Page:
Today We Honor The Goddess Athena

In Greek religion and mythology, Athena or Athene (play /əˈθnə/ or /əˈθn/; Attic: Ἀθηνᾶ, Athēnā or Ἀθηναία, Athēnaia; Epic: Ἀθηναίη, Athēnaiē; Ionic: Ἀθήνη, Athēnē; Doric: Ἀθάνα, Athana), also referred to as Pallas Athena/Athene (play /ˈpæləs/; Παλλὰς Ἀθηνᾶ; Παλλὰς Ἀθήνη), is the goddess of wisdom, courage, inspiration, civilization, law and justice, just warfare, mathematics, strength, strategy, the arts, crafts, and skill. Minerva, Athena’s Roman incarnation, embodies similar attributes.[4] Athena is also a shrewd companion of heroes and is the goddess of heroic endeavour. She is the virgin patron of Athens. The Athenians founded the Parthenon on the Acropolis of her namesake city, Athens (Athena Parthenos), in her honour.[4]

Athena’s veneration as the patron of Athens seems to have existed from the earliest times, and was so persistent that archaic myths about her were recast to adapt to cultural changes. In her role as a protector of the city (polis), many people throughout the Greek world worshiped Athena as Athena Polias (Ἀθηνᾶ Πολιάς “Athena of the city”). The city of Athens and the goddess Athena essentially bear the same name, “Athenai” meaning “[many] Athenas”.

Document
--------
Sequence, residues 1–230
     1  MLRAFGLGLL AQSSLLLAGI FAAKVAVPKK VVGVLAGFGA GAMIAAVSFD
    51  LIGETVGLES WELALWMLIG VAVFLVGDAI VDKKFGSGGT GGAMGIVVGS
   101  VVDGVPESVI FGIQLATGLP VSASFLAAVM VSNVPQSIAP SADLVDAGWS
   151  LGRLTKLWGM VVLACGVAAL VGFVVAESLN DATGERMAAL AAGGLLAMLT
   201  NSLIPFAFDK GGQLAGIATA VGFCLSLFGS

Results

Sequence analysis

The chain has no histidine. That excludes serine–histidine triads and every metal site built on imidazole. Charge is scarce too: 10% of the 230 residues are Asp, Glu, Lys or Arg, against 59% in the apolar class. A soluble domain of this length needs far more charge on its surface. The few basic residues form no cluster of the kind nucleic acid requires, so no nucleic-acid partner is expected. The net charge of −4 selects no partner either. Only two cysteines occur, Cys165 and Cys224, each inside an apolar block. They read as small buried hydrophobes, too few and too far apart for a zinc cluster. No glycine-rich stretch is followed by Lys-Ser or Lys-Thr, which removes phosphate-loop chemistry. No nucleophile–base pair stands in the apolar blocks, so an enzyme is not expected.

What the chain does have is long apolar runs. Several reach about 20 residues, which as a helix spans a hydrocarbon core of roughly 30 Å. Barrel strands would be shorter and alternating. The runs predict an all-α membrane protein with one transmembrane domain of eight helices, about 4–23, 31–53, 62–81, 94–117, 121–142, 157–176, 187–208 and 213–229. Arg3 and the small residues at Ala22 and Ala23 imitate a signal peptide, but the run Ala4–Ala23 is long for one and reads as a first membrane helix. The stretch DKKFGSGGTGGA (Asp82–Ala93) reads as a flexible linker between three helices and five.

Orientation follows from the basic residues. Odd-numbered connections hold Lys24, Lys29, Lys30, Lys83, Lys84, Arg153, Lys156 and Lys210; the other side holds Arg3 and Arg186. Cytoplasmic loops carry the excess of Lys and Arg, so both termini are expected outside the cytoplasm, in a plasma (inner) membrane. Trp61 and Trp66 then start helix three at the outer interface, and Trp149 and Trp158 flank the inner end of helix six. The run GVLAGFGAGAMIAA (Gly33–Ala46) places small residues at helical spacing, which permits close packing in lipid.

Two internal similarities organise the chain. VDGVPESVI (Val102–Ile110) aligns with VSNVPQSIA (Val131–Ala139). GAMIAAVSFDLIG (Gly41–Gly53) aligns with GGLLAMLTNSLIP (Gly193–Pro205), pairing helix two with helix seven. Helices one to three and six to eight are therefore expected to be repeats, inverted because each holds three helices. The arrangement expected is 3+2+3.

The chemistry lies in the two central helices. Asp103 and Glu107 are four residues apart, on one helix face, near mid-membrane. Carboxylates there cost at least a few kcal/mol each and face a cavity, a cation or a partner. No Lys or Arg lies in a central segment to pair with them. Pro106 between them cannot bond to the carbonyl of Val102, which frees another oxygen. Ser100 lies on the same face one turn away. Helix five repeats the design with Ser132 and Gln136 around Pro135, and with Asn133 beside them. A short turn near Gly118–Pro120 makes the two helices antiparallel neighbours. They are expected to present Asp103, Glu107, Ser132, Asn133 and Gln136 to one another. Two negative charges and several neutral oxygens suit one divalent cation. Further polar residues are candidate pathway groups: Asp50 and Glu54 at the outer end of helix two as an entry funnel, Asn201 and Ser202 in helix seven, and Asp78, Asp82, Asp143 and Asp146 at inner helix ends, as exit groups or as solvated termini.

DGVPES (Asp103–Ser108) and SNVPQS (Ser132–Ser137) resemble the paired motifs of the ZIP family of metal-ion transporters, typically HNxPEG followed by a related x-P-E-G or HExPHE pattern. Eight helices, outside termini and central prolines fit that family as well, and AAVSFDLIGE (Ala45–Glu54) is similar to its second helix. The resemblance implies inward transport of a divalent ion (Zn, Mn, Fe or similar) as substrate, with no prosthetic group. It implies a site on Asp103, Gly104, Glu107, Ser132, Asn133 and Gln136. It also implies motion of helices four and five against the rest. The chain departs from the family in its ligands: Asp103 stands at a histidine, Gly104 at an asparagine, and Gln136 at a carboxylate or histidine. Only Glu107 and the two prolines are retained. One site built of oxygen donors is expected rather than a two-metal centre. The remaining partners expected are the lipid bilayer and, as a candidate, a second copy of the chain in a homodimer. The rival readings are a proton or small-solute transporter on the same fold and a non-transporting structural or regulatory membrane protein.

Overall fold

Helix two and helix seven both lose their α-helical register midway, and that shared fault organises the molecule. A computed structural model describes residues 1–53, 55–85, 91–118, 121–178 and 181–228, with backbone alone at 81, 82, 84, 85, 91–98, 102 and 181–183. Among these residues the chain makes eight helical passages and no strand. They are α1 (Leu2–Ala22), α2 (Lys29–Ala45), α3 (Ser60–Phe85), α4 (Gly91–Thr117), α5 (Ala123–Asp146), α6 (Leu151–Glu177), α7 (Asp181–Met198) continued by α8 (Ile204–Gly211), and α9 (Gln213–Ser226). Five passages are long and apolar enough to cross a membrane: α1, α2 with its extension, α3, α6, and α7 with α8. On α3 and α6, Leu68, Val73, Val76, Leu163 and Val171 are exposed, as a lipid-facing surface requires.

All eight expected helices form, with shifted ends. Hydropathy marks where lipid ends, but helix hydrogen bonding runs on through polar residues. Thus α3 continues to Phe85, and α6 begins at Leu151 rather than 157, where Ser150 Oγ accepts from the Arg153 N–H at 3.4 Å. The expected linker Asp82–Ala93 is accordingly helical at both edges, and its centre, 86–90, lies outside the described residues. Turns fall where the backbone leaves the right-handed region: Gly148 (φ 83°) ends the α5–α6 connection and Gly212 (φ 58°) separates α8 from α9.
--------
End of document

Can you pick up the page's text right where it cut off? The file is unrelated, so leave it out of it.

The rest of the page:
Athena as the goddess of philosophy became an aspect of the cult in Classical Greece during the late 5th century BC. She is the patroness of various crafts, especially of weaving, as Athena Ergane. The metalwork of weapons also fell under her patronage. She led battles (Athena Promachos or the warrior maiden Athena Parthenos) as the disciplined, strategic side of war, in contrast to her brother Ares, the patron of violence, bloodlust and slaughter—”the raw force of war”. Athena’s wisdom includes the cunning intelligence (metis) of such figures as Odysseus. Not only was this version of Athena the opposite of Ares in combat, it was also the polar opposite of the serene earth goddess version of the deity, Athena Polias.

Athena appears in Greek mythology as the patron and helper of many heroes, including Odysseus, Jason, and Heracles. In Classical Greek myths, she never consorts with a lover, nor does she ever marry, earning the title Athena Parthenos. A remnant of archaic myth depicts her as the adoptive mother of Erechtheus/Erichthonius through the foiled rape by Hephaestus. Other variants relate that Erichthonius, the serpent that accompanied Athena, was born to Gaia: when the rape failed, the semen landed on Gaia and impregnated her.. After Erechthonius was born, Gaia gave him to Athena.

Though Athena is a goddess of war strategy, she disliked fighting without purpose and preferred to use wisdom to settle predicaments. The goddess only encouraged fighting for a reasonable cause or to resolve conflict. As patron of Athens she fought in the Trojan war on the side of the Achaeans.